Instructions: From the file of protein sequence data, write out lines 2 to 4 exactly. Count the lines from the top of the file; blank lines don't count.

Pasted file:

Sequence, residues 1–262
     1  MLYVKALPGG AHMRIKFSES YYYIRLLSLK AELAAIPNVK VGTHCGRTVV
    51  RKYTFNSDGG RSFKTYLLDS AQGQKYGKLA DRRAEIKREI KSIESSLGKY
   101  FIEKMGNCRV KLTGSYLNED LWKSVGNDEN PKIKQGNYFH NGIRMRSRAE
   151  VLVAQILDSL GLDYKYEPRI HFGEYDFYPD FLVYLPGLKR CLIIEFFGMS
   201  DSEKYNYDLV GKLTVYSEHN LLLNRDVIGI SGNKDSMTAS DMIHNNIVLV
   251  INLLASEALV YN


     1  MLYVKALPGG AHMRIKFSES YYYIRLLSLK AELAAIPNVK VGTHCGRTVV
    51  RKYTFNSDGG RSFKTYLLDS AQGQKYGKLA DRRAEIKREI KSIESSLGKY
   101  FIEKMGNCRV KLTGSYLNED LWKSVGNDEN PKIKQGNYFH NGIRMRSRAE